Cathy and I were up early the first morning to go on a pre-breakfast amble with Boby. He was able to tell us a little of the history of the area, and the Lodge, but by 08:30 I was finding it rather hot and humid and hard work. The evening boat safari was delightful, and although we didn’t see swimming elephants, we did see sunbathing crocs. The guide (Boby again) was very helpful with the bird identification, and there were plenty of elephants on land to watch (including one young male in musk who obviously didn’t like our smell). Tea and cakes by the water’s edge was very relaxing for all, except Lucy who stayed on Croc-Watch.
Monkey Mountain had literally loomed over us, and eventually the morning of getting up at 5am came. We walked about 1000m through fields and scrub to get to the edge of the mountain and then started scrambling up rough terrain of rocks and outcrops, with no discernible path. I consider all our family to be pretty fit – more so than the average – and yet we found this hill climb a real struggle. We had all got the impression that it was merely a vigorous stroll, as an appetiser for a late breakfast, but we were all fairly banjaxed by the time we got to the top. And then the fabled sunrise and panoramic view was blotted out by swiftly rising clouds that ‘flowed’ up the hill. Going down was faster, but then sliding on one’s backside for most of the way, would be.
We also did the Jungle Drive and Picnic. Surprisingly, for a non-animal dominated safari this was a family favourite. Emphasis was given by the guide (this time Manoj) to the flora and history of the area, especially regarding the dwarves with long fingernails, who used to live here. There was some discussion about suggestive remains being found on a hill top, but due to a lack of mobility, scanners couldn’t be taken up to the graves to do forensic research. Which all sounded a bit like “we don’t want to investigate in case it’s not true”. However, Manoj did a great job in letting that slide, and telling us all the uses in Ayurvedic medicines for all the plants we could see.
We ended up having a delicious picnic by a very fast flowing river, where they found us a rockpool or two to cool off in. The trip was completed by Cathy spotting a family of elephants hiding in the bushes. They were obviously much more timid and concerned about the vehicle, than the elephants at Udawalawa. However, we were able to watch them for ten minutes or so in peace. We all found Gal Oya to be an idyllic place.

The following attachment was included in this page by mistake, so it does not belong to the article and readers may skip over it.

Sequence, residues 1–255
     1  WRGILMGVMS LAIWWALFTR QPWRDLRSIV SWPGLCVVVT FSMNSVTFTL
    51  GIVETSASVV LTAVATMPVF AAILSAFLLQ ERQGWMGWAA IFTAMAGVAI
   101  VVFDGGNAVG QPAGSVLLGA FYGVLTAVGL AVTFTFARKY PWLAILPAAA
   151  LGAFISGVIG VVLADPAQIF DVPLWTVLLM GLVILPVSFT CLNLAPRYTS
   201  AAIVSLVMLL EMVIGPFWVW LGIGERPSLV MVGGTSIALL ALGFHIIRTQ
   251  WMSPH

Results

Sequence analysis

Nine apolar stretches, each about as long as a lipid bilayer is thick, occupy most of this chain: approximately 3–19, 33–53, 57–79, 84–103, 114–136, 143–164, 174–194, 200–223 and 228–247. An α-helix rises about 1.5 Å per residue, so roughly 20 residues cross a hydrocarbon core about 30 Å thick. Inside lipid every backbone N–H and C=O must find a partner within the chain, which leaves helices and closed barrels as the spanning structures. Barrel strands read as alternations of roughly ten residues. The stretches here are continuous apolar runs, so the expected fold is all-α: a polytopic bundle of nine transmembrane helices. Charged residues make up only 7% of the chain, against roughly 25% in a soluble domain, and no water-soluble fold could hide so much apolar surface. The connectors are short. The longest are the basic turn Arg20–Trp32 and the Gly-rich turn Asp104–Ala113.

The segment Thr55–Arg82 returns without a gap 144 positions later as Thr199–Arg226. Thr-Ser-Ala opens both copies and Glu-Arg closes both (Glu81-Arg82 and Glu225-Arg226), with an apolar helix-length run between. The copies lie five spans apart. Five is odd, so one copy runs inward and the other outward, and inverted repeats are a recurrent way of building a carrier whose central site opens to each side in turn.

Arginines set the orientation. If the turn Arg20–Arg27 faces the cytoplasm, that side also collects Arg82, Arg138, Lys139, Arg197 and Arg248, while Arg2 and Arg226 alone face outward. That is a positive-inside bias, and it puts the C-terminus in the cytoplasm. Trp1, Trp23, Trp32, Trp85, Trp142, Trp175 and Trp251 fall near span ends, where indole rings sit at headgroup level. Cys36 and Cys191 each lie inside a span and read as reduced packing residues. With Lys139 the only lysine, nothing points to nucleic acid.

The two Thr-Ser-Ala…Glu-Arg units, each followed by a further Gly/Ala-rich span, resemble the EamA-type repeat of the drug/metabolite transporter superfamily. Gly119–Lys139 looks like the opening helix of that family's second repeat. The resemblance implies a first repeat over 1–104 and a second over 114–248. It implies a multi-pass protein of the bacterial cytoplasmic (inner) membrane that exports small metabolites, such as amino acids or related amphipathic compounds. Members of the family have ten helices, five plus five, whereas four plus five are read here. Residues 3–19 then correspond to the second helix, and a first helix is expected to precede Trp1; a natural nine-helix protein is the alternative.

The lodges were well designed, spacious and comfortable, and the food was simple but very good quality. The staff were exemplary, both the ‘housekeeping’, and the ‘naturalists’. There are two dogs belonging to the camp, Whisky and Arrack. Lucy made friends with Arrack, so everyone was happy! (Whisky had apparently gone for a break in Colombo). Whereas KK seemed to cater for honeymooning couples, Gal Oya seemed to be more for Sri Lankans experiencing the ‘wild side’ for a night or two.
Again they were desperate that we return to the UK singing their praises; as a family we would thoroughly recommend Gal Oya.
Jetwing Surf …To be able to lie in a bed, and look past egrets on the grass, past the sandy beach, to see the waves of the Indian Ocean come crashing down, is a vision from one’s childhood dreams. I was worried that the elegance of Gal Oya would tarnish the gem that is Jetwing Surf.
We didn’t get to see much of Pottuvil, and Arumgan Bay seemed to be a surfer’s paradise except it was shut down on the whole, but the resort is wonderful. Miles of unspoilt deserted sandy beaches. Beautiful ocean. And no great desire to do anything else. We did spoil it though!
Cathy, Emily and I got up early one morning and after breakdowns and delayed we were on the move! I’m not at all surprised that Kumana is one of the least visited safari parks. We did see lots of wildlife, but not because we stopped where we could see them. Roy used a system of tapping on the drivers roof to get him to stop (even though his window was open all the time). This meant that the driver stopped if he felt like it; stopped so that we would then be next to an impenetrable bush or tree, or most usually didn’t stop at all. There would then ensue a prolonged loud discussion, and the jeep would reverse past the sighting point until Roy got him to stop again! The safari park was beautiful, the animals plentiful, and the sun was shining.
The downside of Jetwing was the YTS boys. Because it was low season and they had very few customers, they obviously had a policy of training young men to do the waiting at tables. These lads, whilst very pleasant, had little or no English, and had little idea about taking a food or drinks order. That coupled with the general Sri Lankan leisureliness of service meant that mealtimes were somewhat of a lottery as to what food you would get and when you would get it. One of us ordered a Pina Colada. After 15 minutes for the barman to telephone someone else who might know the recipe, a brown sludge arrived, bearing no relation to any cocktail known to man!
The other downside was that I expected to leap out of my cabana and go rushing straight into the sea. This wasn’t allowed due to hidden rocks (apparently – they were so hidden that we couldn’t see them). We were instructed to walk about 500m along the sand to a swimming area. Even that wasn’t so simple – we had to inform the lifeguard and get him to go with us. I’m sure his favourite pastime wasn’t watching us arse about in the waves for hours!
And heaven help anyone who wanted to swim in the pool at the same time. Emily also struggled with squirrels in her Cabana. Inexperienced in “jungle life” she had bought biscuits and bags of crisps – which the squirrels found irresistible, even when the bags were hidden in piles of clothes. The intrusion really upset Emily, until the on-site naturalist explained that the cabanas were built amongst the trees where the squirrels used to live; she was so sad that she personally was responsible for the squirrels becoming homeless that she forgave them.